The captain’s black gloves were made of wool, and often became tattered and frayed, and I recall a phrase in the story where we were told that he used to “darn them with malevolence”. I’ve done a lot of darning in my time, for I am handy with needle and thread and crochet and knitting needles and suchlike, I have darned socks and jumpers and balaclavas and mittens, though not, admittedly, gloves, yet I cannot for the life of me think how I might darn something malevolently, though god knows I tried to, in the weeks and months after reading the story of Captain Bagshaw, or Shawbag, in that newspaper, if it was a newspaper. It may have been a periodical. I tried snarling, or spitting at passing puppy-dogs as I darned, but it came across as churlish and bad-tempered rather than malevolent, and I felt like a fool. When the captain snarled, he made a sound like the cawing of a thousand crows, and when he spat, he spat sulphur. There were no puppies on the tugboat, of course, but there was a badger. The captain did not snarl at it, because it was his creature, his familiar. At one point I think it is described as a “demonic badger”, whatever that may be.

I think we were meant to see the captain as a kind of Ahab figure, obsessed and mad as well as sinister, but for me this effect was flawed by the fact that it was a rented tugboat. Bagshaw/Shawbag did not own it. Every week he had to slip some coinage into the waiting palm of a seaside bureaucrat, representative of a dull organisation stuffed with accountants and administrators. Their main business seemed to be civic coastline management and prettifying, with renting out a tugboat to a sinister begloved madman as an afterthought. Somehow that made him less the master of his vessel, for me, and I remember tutting ruefully as I read the paragraph in which this was explained. Whoever wrote the story clearly felt it was important, for it was a very long paragraph, leaden with detail, and I skipped past it on my subsequent rereadings.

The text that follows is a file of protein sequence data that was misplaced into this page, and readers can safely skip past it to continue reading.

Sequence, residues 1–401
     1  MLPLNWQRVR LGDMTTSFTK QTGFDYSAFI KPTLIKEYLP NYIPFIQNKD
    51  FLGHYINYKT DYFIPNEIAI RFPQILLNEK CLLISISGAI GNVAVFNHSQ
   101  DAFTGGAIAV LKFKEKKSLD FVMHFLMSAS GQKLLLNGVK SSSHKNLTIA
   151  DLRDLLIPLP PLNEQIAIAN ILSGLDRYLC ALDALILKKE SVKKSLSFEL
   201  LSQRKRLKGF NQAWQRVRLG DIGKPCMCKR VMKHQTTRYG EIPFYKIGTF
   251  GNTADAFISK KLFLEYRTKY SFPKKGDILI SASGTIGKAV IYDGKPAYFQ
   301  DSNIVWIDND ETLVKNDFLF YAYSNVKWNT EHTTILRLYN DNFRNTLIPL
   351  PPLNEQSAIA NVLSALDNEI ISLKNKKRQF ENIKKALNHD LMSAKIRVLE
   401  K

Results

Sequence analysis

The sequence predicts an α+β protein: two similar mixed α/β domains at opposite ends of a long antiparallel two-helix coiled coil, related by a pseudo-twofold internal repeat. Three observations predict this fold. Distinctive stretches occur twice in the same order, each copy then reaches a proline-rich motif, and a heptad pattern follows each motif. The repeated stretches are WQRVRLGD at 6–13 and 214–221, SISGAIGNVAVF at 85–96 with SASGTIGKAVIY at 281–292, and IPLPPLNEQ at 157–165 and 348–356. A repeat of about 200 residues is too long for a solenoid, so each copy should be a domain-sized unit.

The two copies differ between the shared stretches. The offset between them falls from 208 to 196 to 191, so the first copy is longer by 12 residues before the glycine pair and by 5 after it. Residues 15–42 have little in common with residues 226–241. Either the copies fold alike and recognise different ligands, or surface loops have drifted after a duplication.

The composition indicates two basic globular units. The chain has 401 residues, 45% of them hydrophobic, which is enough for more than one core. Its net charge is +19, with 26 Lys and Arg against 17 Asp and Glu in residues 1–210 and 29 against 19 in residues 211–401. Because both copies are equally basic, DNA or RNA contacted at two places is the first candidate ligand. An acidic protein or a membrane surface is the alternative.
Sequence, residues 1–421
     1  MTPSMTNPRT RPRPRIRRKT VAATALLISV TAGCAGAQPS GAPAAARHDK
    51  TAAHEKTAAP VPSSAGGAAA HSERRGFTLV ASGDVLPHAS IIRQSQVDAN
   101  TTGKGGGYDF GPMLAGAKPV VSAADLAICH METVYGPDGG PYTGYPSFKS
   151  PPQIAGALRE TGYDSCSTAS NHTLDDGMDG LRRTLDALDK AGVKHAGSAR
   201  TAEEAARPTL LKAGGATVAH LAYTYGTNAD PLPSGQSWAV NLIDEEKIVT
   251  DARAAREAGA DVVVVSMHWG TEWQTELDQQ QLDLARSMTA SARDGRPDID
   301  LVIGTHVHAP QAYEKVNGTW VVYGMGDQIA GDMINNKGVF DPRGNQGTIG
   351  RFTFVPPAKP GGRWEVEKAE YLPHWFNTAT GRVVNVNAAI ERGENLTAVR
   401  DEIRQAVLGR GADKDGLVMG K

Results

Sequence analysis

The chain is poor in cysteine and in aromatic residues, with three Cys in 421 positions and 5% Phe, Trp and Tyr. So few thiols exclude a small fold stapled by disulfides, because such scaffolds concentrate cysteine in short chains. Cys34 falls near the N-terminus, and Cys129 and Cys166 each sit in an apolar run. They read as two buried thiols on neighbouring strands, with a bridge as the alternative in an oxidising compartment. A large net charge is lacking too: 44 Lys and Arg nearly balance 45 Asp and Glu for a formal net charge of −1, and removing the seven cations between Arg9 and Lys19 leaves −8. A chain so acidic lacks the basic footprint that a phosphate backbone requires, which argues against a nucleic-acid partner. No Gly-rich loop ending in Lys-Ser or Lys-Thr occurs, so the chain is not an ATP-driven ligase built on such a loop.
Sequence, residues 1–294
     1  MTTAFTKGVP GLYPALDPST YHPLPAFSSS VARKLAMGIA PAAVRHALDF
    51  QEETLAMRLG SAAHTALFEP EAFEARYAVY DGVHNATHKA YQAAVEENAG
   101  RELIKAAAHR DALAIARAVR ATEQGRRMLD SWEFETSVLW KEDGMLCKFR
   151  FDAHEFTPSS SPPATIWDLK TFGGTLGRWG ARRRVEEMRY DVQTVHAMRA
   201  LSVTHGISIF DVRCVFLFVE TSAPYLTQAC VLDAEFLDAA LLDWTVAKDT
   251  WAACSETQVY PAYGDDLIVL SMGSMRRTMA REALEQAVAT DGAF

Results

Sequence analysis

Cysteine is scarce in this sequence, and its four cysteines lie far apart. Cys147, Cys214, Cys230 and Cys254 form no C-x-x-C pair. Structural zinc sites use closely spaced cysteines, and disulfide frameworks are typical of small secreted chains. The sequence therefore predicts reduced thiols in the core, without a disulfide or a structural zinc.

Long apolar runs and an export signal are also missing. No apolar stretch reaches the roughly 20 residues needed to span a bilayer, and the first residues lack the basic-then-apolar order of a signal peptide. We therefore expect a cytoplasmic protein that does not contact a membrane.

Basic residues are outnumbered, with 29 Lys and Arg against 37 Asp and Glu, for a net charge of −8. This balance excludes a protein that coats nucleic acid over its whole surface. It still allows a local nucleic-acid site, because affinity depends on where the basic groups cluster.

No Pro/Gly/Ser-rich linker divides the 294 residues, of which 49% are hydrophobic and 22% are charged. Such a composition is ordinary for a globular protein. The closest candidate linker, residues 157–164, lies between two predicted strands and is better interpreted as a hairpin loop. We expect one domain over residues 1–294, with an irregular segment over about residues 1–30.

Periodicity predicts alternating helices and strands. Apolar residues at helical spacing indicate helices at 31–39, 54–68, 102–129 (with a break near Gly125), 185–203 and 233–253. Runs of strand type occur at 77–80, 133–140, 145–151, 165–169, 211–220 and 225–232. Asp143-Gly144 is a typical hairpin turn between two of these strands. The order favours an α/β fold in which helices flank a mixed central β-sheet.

So there was Captain Bagshaw, or Shawbag, on his rented tugboat, with his demonic badger and a terror-stricken crew, and then there was the radio cabin, a tiny cubbyhole squeezed under the orlop deck. I am no expert on maritime hoo-ha, but I suspect it is unusual for a tugboat to have an orlop deck, let alone a radio cabin. No illustrations accompanied the story, and the writer is vague on details about the tugboat’s specifications. I have to say that this did not bother me when I read it, and it was only years later, when I talked about the tugboat with a raddled and brine-soaked old sea dog while on holiday at O’Houlihan’s Wharf that I learned of these anomalies. I put them out of mind, however. I’m sure there are all sorts of different designs of tugboat plying the harbours of the world, big ones and tiny ones, rotting ones and gleaming ones, ones that fly flags and ones that don’t, and ones with and without orlop decks and radio cabins.

It has only just occurred to me that we are never told the name of the tugboat.

The captain’s handwriting was spidery, but surprisingly legible given that he never removed his sinister black woollen gloves, even when wielding his fashionable fat fountain pen. It was a sturdy pen, and it needed to be, because one of the captain’s enigmatic little ways was that he mixed his ink with glue. He used it to keep his log, of course, but was also given to scrawling commands and directives and warnings and decrees on sheets of foolscap and pasting them up all over the tugboat. One such sign was on the door of the radio cabin, forbidding any of the crew to enter in any circumstances, at any time, ever. The punishment for doing so was not made explicit, but it did not need to be, for as we have seen, Captain Bagshaw/Shawbag kept the tugboatists in a permanent state of stomach-churning terror. As a youth, if one could imagine him as a youth, he had studied the methods of tyrants and dictators and megalomaniacs, from Josef Stalin to Paul “Bono” Hewson, and once he stepped aboard his tugboat, even though it was rented, his self-belief carried him through. As I have indicated, I may not be convinced of his power, but the crew certainly were.